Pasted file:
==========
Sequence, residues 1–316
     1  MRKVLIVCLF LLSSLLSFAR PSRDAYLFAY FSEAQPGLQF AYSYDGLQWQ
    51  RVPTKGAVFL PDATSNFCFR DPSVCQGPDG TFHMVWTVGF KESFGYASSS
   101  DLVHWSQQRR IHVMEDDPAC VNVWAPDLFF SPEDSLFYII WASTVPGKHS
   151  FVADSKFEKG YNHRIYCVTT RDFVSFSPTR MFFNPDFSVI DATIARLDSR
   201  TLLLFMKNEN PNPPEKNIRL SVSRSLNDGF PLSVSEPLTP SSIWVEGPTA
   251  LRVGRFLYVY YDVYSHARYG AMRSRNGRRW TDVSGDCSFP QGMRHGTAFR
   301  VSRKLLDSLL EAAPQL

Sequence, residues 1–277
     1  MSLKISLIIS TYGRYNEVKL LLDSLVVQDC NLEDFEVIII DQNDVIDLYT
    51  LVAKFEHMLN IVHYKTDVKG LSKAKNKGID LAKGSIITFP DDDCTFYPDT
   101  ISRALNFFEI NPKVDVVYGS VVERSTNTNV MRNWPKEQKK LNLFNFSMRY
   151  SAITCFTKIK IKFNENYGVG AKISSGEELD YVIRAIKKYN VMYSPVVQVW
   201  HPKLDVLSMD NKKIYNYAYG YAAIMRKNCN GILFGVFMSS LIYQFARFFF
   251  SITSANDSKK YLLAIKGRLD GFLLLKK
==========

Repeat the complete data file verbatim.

Sequence, residues 1–316
     1  MRKVLIVCLF LLSSLLSFAR PSRDAYLFAY FSEAQPGLQF AYSYDGLQWQ
    51  RVPTKGAVFL PDATSNFCFR DPSVCQGPDG TFHMVWTVGF KESFGYASSS
   101  DLVHWSQQRR IHVMEDDPAC VNVWAPDLFF SPEDSLFYII WASTVPGKHS
   151  FVADSKFEKG YNHRIYCVTT RDFVSFSPTR MFFNPDFSVI DATIARLDSR
   201  TLLLFMKNEN PNPPEKNIRL SVSRSLNDGF PLSVSEPLTP SSIWVEGPTA
   251  LRVGRFLYVY YDVYSHARYG AMRSRNGRRW TDVSGDCSFP QGMRHGTAFR
   301  VSRKLLDSLL EAAPQL

Sequence, residues 1–277
     1  MSLKISLIIS TYGRYNEVKL LLDSLVVQDC NLEDFEVIII DQNDVIDLYT
    51  LVAKFEHMLN IVHYKTDVKG LSKAKNKGID LAKGSIITFP DDDCTFYPDT
   101  ISRALNFFEI NPKVDVVYGS VVERSTNTNV MRNWPKEQKK LNLFNFSMRY
   151  SAITCFTKIK IKFNENYGVG AKISSGEELD YVIRAIKKYN VMYSPVVQVW
   201  HPKLDVLSMD NKKIYNYAYG YAAIMRKNCN GILFGVFMSS LIYQFARFFF
   251  SITSANDSKK YLLAIKGRLD GFLLLKK